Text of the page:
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    It's been a while now so I don't recall where I heard or read this but the band has said the lyrics are about a student's dreams or wishes, not his actions. The kid in the song finds his dad's gun and cigarettes and thinks about what he could do with them.

    So my feelings about this song is that it may very well give another adolesent the idea to do a school shooting and then the media will go crazy and possibly provoke another.

    Am I being crazy or do I have a legitimate arguement?
    There's already enough stuff to give kids crazy ideas. Some kid might take something out of history class and take it the wrong way and act on it. Censorship is not the way to deal with this. I might not like what he says but I'll defend his right to say it.

    I'll take my example of taking lessons from history the wrong way and make a specific example. A student studying the American Revolution will learn about the "shot heard 'round the world" as part of American history class. If some messed up kid sees this as justification for shooting up the local Burger King does that mean we no longer teach kids about the American Revolution?

    Let the song play on the radio unedited. If a person cannot make the distinction between fantasy and reality then the radio needs to be removed from that person, not have the song removed from the radio. We can't bubble wrap the world.
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  8. #8
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    This is in the same boat as blaming video games for school shootings.

    I like it, it's a catchy song.
    Quis custodiet ipsos custodes?

  9. #9
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    Agreed, it's so impossibly catchy that you feel as if it must've been playing all your life.
    Resident Liberal

  10. #10
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    I like it, it's a catchy song
    I didnt say it wasnt catchy or a good sounding tune.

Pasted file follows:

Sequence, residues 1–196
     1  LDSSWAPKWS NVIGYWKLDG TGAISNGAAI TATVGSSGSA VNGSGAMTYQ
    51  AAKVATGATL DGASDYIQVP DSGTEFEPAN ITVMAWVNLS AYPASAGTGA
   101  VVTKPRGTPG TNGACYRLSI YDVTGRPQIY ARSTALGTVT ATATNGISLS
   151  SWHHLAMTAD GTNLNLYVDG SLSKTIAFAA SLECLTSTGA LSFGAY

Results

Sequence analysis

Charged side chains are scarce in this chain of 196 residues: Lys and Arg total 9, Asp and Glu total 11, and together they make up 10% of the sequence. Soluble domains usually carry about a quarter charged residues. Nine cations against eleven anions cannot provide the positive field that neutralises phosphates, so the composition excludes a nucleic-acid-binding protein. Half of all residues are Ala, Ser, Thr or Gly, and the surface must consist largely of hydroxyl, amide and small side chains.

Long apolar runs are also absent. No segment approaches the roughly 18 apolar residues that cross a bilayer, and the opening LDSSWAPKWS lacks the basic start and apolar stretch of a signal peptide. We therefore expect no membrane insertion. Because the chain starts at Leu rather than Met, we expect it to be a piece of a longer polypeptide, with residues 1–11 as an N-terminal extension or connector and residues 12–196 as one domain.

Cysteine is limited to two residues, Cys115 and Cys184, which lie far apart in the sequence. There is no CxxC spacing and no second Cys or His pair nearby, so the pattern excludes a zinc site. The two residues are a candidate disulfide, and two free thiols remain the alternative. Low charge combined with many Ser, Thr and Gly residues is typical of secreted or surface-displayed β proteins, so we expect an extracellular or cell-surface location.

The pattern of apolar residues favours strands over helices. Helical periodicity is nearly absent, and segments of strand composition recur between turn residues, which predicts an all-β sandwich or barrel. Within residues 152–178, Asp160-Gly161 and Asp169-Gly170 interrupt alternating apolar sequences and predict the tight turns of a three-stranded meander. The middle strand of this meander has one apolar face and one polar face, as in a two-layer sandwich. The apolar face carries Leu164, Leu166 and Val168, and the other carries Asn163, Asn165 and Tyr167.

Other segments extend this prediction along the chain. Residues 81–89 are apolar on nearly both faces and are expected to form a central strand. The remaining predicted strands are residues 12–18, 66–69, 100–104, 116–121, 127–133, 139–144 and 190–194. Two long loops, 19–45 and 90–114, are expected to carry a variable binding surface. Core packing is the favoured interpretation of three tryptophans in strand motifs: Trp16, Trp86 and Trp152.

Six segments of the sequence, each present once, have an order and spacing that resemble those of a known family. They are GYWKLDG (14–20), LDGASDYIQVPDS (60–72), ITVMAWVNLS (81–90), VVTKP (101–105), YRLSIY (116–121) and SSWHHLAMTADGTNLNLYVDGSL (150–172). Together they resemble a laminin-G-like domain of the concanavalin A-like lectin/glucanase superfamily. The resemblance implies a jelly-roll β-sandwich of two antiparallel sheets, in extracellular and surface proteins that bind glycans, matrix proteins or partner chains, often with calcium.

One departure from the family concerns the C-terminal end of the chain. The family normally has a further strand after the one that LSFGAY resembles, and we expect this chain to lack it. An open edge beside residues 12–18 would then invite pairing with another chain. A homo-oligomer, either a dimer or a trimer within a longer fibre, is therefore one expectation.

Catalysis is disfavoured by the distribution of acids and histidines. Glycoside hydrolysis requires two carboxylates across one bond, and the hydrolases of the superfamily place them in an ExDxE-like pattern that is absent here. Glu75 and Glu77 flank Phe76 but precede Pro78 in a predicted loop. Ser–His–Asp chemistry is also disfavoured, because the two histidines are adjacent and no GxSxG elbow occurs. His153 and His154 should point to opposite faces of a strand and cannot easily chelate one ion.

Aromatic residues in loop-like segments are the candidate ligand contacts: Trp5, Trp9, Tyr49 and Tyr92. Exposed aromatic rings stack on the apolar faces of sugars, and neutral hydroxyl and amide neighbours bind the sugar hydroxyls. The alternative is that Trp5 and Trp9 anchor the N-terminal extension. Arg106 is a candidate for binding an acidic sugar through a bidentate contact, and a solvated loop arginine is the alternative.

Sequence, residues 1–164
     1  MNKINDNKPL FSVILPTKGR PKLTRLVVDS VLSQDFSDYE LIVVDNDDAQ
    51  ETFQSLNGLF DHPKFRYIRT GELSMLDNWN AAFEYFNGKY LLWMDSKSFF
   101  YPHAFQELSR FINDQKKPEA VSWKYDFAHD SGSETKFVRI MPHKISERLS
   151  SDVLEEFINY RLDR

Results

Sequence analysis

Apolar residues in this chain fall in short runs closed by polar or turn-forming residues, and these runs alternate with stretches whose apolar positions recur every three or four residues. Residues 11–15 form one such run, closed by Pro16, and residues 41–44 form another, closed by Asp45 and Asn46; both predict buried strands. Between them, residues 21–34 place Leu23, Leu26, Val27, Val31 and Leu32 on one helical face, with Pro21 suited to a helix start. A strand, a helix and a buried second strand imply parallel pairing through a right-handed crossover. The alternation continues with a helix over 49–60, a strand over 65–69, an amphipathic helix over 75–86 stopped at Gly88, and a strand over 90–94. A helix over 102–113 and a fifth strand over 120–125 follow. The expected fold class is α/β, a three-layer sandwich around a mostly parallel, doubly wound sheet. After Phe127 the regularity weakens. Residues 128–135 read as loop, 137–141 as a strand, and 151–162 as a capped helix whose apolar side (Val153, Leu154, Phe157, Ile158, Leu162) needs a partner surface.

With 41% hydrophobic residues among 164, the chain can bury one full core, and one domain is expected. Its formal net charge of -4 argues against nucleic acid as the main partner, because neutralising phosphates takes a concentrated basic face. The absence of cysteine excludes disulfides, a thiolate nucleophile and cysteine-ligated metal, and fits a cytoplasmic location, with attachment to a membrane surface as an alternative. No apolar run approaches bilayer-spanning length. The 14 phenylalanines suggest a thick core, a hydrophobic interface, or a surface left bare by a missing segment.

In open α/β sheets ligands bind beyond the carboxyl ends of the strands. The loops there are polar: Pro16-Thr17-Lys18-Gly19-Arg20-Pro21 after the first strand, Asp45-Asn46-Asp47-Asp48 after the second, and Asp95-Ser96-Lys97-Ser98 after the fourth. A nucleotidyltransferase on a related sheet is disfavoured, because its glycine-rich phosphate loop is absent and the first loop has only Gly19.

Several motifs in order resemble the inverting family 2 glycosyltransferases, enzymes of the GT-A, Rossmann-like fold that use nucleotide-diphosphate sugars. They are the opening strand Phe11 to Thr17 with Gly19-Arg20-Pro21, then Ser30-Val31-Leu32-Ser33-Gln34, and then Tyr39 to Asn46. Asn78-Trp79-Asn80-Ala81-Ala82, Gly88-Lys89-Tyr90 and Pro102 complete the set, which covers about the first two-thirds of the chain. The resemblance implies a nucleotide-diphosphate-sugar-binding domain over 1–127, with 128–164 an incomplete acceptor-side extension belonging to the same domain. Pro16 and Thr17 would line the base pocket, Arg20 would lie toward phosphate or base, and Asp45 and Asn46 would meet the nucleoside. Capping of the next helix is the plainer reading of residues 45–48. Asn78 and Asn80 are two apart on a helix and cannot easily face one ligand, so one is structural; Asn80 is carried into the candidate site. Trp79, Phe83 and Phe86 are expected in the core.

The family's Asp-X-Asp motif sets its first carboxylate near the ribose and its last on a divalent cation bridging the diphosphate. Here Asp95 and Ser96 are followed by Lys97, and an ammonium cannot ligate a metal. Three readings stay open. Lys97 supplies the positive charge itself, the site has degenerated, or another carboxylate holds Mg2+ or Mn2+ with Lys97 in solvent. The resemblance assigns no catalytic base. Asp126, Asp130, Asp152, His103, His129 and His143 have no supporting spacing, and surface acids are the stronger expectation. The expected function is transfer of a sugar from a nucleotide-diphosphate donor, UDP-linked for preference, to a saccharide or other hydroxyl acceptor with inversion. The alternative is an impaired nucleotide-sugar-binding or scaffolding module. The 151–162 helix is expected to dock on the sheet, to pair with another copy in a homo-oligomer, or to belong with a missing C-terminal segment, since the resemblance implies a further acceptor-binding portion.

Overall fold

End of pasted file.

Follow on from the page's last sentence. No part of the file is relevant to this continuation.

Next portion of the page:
Remember when Pearl Jam had their hit Jeremy Spoke? Then the Columbine tragedy happened and they fell all over themselves apologizing for the song.

    I am not saying bubble wrap the world, I am saying dont be in favor in of music that may enrage or put ideas in young impressionable minds.

    I have heard way too many people speak out against rap music and its lyrics.

    So I must warn everyone posting in this thread. I have a thread I searched for where a lot of people on this board commented and spoke against rap music and the lyrics. So with that being said be prepared to look hypocritical when I start quoting it.
    Brandon

    Take a kid shooting. They are the future.

  11. #11
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    My son has a radio in his room, and he picks his own station. We tried to raise him with respect and decency, and he alternates between country and a local Christian station, his own choices as an 11 year old. If this song, or any other song that I personally find offensive, plays on the radio that I have control over I will change the station. I will not reach out and change other peoples stations, not my right to do so, nor will I let others pick my station either.
    If total government control equals safety, why are prisons so dangerous?